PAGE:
A wonderful historical fiction fantasy! Thanks to Edelweiss and HarperTeen for the opportunity to read and review The Light Between Worlds by Laura E. Weymouth! Evie is the youngest of the three children in her family. Her brother James and sister are both college age so she’s traveling to school on her own this year, which is 1949. She reminisces about the times the three of them were together. Five years ago, they huddled in their shelter during the war bombings in London. Evie wished they could be anywhere but there and because of this wish, they were drawn into Woodlands. The Woodlands become their home for most of their teenage years and for Evie, it turned into the home where she felt like she truly belonged. Once the three siblings return to their London home, they each struggle to readjust. In London time, they were gone for only a moment even though years passed in the Woodlands. Evie goes through dark spells of depression, especially during the winter and one day no one can find her. Everyone fears the worst and they try to move on but Evie’s sister is consumed by guilt and blames herself for Evie’s unhappiness. This beautiful story has the perfect book cover portraying its multidimensional world. A wonderful fantasy, 4 stars! * I received a complimentary copy of this book for voluntary review consideration.
Pens-and-Parchment 4 months ago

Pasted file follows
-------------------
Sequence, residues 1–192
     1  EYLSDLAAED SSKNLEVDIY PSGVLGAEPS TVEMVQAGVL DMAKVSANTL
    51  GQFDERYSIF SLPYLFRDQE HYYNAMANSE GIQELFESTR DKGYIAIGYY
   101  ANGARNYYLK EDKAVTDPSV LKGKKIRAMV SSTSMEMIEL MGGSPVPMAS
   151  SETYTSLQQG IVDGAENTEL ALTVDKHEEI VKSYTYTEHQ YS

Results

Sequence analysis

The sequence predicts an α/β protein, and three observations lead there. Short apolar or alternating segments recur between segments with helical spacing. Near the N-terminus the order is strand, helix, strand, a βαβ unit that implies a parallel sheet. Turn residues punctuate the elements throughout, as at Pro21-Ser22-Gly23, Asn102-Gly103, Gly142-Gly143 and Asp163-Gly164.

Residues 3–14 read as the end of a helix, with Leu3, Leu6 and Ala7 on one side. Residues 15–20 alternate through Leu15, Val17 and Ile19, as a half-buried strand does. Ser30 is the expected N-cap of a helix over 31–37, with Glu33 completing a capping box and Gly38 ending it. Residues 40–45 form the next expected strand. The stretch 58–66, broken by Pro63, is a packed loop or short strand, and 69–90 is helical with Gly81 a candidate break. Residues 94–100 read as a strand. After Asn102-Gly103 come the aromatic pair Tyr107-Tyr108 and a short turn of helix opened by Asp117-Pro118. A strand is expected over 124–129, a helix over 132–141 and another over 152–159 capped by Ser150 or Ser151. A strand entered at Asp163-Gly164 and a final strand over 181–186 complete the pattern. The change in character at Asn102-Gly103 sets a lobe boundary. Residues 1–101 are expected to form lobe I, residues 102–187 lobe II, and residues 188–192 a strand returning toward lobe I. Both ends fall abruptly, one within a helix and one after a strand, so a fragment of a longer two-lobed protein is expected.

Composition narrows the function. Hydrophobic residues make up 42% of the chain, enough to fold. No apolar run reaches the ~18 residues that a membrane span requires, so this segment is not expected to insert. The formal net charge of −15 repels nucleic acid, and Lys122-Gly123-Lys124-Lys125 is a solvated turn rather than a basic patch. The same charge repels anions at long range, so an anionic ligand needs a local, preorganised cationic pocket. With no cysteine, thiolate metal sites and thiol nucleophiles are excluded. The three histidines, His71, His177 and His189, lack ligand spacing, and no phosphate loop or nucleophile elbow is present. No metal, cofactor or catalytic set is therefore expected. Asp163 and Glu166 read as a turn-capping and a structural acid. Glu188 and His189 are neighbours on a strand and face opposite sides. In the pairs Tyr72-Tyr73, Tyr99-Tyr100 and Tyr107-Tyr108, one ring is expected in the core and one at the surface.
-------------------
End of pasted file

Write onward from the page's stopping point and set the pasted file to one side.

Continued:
When I picked this book up on a whim, I definitely never expected to find one of my top favorite reads of 2018 and possibly of all time. The Light Between Worlds is one of those books that I felt in my bones, in every facet of my heart as I turned each page. It's a story of belonging, sisterhood, love, and most of all, home. Light Between Worlds is really a genre-defying novel, which is one of the reasons I loved it so much! While it has elements of fantasy and magical realism, its foundation sits clearly in historical fiction with a focus on character development like a contemporary. The book is broken into two halves, the first from the perspective of Evelyn, the younger sister whose every thought is consumed by her desire to return to the magical world of the Woodlands. The second half is told from Phillipa's perspective, the older sister who is forced to deal with the aftermath when Evelyn goes mysteriously missing. Both perspectives were equally as strong and heart-wrenching with distinct personalities. Overall, the narrative is so in-tune with the raw, human emotions of each character, I've never read something that felt so deeply personal even though I couldn't relate to their issues from experience. The way Weymouth writes about life is utterly realistic and unabashedly true. The world of the Woodlands is fairly simplistic, we see it mostly through flashbacks (which are intricately and seamlessly woven into the present story). The world-building is what I would consider to be extremely minimal and mostly intuitive, it's very similar to Narnia. Because at the end of the day, this story is not about the fantasy world the characters are caught between, it's about their journey to discover where they truly belong and how to mentally cope in a harsh reality. Which brings me to another very important part of my review—content warnings. This book heavily discusses depression and suicide, and there are a few scenes displaying self-harm and disordered eating. If you think this book may not be safe for you to read, I encourage you to visit the author's website, she has a page that explains more about Light's sensitive content. Post-WWII London serves as the perfect backdrop for this melancholy and contemplative story. The oppressive tension and uncertainty in the atmosphere are reflected in Evelyn and Phillipa's struggles, as well as in minor characters from both our world and the Woodlands. The historical aspects made this feel right at home with classic stories like Narnia, Peter Pan, and even Wuthering Heights or other romantic British literature. Artwork and poetry are also featured very heavily. And of course, the romance. AHHHHHH the freaking romance!! Evelyn and Phillipa both have prospective love interests, Tom and Jack. The romance is completely understated and just a whisper compared to the main focal points of the book, but damn did those two boys manage to capture my heart entirely. Finally, the writing is phenomenal. Weymouth easily deserves to be on the NYT list just for her pure talent, I'm so shocked that this is the first we've ever gotten to read from her! I used more than an entire stack of tabs in my book to mark the quotes that I loved. If you buy one fall release this entire year, let it be this book. I promise you will end up just as heartbroken and blown away as I am!